Five Great Second Jobs for Extra Cash

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Published October 12, 2011

| Bankrate.com

If you're looking to pay off debt, pile up savings or just need a little extra cash each month, a second job can help you achieve your goal. But not just any second job will do.

Here are five great second jobs that offer perks like good pay, flexible hours and plenty of opportunity in the coming years.

Medical Transcriber

Enjoy the medical lingo bandied about on TV shows like "ER," "House" and "Grey's Anatomy"? Then you might just like working as a medical transcriber.

Workers transcribe audio recordings created by doctors and other health care professionals into readable reports. Although specialized training is helpful because of the complex medical jargon and the critical need for accuracy, many employers are happy to offer on-the-job training, according to the Bureau of Labor Statistics. Better yet, the job conditions are cushy: Most are in comfortable office settings and telecommuting is common.

Median wages are $17.26 per hour for transcribers at medical and diagnostic laboratories, and some gigs will allow you to wedge the work in during evenings and weekends. The Bureau of Labor Statistics says it expects job opportunities to stay strong into 2018, with 11 percent growth expected.

Grounds Maintenance

You might have made a few bucks mowing lawns as a kid, and the opportunity to make some money taking care of greenery may be even better as an adult.

Common tasks for those in the field include mowing, planting, raking and edging. If you're cooped up in an office for most of your working life, spending some time outside while banking some cash can be the perfect antidote.

You won't need any special training to pick up a leaf blower or a shovel, and you'll have the satisfaction of seeing the results of your work over time. You won't get rich with this job, with typical wages ranging from $9.92 to $13.70, depending on the site. But job growth is expected to skyrocket by 18 percent by 2018, according to the Bureau of Labor Statistics.

Bus Driver

If you've always wanted an office with windows, a position as a bus driver might be right up your alley. Whether you're driving kindergartners to school in the morning or driving city routes around your neighborhood, you'll get a new view of the community.

Some of the perks include part-time schedules, no boss lurking over your shoulder, and the ability to help the young and old alike get to their destinations safely and efficiently. You'll need to be sure that none of the routes you pick up conflict with your work schedule and be sure that you don't try to pack in too many extra hours. Fatigue can be a real problem for drivers.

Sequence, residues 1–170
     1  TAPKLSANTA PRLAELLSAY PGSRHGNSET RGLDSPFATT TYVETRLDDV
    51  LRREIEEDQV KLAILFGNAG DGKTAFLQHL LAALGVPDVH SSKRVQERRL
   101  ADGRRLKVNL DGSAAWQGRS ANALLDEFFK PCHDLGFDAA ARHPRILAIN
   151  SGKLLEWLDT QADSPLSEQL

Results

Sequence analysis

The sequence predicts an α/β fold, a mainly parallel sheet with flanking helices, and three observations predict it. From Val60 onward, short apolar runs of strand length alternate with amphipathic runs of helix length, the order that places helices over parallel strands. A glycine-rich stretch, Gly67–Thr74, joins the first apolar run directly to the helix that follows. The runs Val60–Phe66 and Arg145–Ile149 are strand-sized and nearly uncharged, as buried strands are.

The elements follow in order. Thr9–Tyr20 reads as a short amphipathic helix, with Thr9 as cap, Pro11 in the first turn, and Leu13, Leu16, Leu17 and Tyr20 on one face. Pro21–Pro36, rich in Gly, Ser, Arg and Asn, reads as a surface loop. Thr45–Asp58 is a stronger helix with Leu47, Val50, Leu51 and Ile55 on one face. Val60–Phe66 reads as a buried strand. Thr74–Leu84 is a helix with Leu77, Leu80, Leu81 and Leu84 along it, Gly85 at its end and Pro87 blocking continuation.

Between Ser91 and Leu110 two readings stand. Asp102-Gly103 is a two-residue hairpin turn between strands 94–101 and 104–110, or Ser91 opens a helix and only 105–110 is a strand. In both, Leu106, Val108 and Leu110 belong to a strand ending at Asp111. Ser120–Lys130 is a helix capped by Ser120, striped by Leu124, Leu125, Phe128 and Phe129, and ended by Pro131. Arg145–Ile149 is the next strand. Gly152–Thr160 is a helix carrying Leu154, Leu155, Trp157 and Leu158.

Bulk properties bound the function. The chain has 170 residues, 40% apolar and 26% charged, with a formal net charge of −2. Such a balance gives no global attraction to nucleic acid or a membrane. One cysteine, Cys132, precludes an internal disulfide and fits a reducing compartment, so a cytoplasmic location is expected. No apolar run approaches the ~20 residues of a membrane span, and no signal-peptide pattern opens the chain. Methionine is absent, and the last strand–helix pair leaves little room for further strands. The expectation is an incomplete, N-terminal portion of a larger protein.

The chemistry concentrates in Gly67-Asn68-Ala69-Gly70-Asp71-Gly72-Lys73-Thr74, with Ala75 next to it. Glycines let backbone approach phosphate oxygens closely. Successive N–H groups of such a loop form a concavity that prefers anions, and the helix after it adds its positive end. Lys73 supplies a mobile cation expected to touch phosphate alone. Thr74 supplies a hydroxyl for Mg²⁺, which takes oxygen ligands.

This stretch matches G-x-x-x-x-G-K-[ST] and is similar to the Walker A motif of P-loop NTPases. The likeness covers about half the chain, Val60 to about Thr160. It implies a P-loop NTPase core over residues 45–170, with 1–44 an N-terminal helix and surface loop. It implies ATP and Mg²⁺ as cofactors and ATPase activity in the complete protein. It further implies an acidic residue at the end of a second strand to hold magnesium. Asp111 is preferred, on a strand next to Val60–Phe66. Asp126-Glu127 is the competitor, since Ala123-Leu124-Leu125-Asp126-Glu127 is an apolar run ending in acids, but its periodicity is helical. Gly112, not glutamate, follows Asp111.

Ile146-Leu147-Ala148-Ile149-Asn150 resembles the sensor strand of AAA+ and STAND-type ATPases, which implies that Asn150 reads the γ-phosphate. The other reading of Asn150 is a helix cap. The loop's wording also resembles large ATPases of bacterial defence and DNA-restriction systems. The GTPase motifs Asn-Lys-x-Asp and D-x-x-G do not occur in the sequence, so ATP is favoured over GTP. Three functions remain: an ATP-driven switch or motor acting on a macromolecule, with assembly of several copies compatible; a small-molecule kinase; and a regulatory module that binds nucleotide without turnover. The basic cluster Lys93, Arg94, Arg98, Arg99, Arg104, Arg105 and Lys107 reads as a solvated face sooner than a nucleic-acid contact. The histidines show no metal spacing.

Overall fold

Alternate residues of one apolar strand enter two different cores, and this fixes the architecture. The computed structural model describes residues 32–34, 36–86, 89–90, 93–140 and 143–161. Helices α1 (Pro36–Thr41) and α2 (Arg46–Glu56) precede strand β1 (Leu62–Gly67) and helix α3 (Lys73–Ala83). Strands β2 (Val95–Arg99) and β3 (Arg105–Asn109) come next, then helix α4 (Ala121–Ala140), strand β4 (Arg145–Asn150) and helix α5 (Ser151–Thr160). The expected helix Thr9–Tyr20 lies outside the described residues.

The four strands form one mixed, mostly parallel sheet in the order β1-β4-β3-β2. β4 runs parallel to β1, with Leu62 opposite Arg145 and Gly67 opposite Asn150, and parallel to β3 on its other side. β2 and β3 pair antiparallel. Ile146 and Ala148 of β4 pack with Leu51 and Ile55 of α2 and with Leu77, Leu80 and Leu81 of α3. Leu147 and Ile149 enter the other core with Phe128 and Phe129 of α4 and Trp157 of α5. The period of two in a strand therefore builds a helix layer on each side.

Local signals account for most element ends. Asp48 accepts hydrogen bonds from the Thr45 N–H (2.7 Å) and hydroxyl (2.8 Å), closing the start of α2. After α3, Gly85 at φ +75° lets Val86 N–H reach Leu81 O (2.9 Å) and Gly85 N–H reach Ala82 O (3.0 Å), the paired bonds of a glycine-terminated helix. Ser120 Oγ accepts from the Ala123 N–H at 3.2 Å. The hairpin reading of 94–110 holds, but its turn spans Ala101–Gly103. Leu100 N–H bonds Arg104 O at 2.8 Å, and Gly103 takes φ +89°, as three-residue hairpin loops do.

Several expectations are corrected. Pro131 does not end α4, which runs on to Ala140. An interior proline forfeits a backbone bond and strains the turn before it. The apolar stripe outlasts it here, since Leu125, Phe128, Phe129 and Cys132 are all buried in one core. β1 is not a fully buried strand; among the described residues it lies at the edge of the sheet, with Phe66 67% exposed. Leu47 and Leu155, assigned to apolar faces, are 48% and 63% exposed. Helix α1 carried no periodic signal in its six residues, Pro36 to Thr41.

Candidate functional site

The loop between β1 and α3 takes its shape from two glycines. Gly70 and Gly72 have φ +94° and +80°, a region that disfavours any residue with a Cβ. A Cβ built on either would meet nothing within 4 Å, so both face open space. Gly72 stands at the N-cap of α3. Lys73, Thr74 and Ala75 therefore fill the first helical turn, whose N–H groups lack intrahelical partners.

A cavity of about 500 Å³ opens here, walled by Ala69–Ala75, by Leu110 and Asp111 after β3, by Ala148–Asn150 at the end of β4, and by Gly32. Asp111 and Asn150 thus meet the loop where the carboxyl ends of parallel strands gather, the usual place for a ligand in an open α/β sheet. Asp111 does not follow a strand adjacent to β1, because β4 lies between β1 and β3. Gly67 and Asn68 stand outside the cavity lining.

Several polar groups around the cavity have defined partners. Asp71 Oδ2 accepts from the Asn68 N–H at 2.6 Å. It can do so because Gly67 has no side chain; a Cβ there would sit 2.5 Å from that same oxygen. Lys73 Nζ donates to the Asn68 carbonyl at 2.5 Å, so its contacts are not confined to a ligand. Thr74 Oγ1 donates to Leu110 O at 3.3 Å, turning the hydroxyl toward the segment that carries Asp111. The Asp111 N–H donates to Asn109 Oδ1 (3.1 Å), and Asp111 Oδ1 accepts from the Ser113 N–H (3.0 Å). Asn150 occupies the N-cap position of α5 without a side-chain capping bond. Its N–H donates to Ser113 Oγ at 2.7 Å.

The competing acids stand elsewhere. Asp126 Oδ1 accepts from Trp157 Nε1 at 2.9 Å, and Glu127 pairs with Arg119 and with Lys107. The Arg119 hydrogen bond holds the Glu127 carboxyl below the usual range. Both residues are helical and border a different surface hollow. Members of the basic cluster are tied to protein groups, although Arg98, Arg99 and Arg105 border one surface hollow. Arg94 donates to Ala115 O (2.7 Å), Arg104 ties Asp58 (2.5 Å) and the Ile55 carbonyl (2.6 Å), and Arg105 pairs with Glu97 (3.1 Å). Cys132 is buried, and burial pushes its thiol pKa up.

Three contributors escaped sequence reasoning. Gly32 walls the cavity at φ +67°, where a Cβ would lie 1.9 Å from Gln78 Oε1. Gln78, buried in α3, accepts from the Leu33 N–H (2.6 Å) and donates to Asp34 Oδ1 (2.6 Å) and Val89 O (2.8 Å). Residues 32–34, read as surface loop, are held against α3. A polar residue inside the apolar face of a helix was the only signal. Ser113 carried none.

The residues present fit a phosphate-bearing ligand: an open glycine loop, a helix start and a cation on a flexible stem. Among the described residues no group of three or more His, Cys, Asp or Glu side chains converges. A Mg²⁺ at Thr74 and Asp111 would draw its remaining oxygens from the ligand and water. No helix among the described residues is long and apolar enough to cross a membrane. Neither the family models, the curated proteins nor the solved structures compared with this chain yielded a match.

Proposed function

Pay can be good. The median wage for transit bus drivers is $16.32 per hour, and for those who work enough hours, health insurance, sick leave, vacation time and free bus rides are among the benefits, the Bureau of Labor Statistics says. If you have the smarts to follow sometimes-complicated schedules and have a clean driving record, you might excel at this job.

Customer Service

Maybe you enjoy chatting with people on the phone or you consider yourself an excellent problem solver. Either way, a customer service job might be just the thing.

While the idea of a customer-service gig might conjure visions of angry customers unloading all their complaints, there are also many opportunities for rewarding interactions in which a customer gets an issue resolved quickly and easily.

Typical wages are often higher than $15 per hour, and the number of jobs in the field is expected to jump by 18 percent by 2018, according to Bureau of Labor Statistics data.

Because peak times in customer service tend to be early morning, evenings and weekends, it can be an ideal chance to grab extra working hours. It's also a smart way to get your foot in the door at a company where you might find an opportunity for advancement, according to a job outlook summary for the Bureau of Labor Statistics.

Virtual Assistant

Organized, detail-oriented people with strong computer and communication skills are often perfect candidates for virtual assistant positions. Over the course of their work, they may make hotel reservations, set up appointments and meetings, type letters, and buy supplies.

While a typical administrative assistant may do this from an office setting, a virtual assistant gets to work on projects from home. Even outside of normal business hours, virtual assistants can do tasks that aren't time-sensitive, including Internet research, data entry, accounting and invoicing. Many employers don't require any special training beyond a high school diploma, but if you're working virtually, you'll have to be adept with a computer.

Indeed, the best opportunities will be for those who are especially tech-savvy. Best yet, you can set your own hours and rates. The Bureau of Labor Statistics reports that top virtual assistants command up to $100 per hour, although $25 per hour is a more typical starting point.

 

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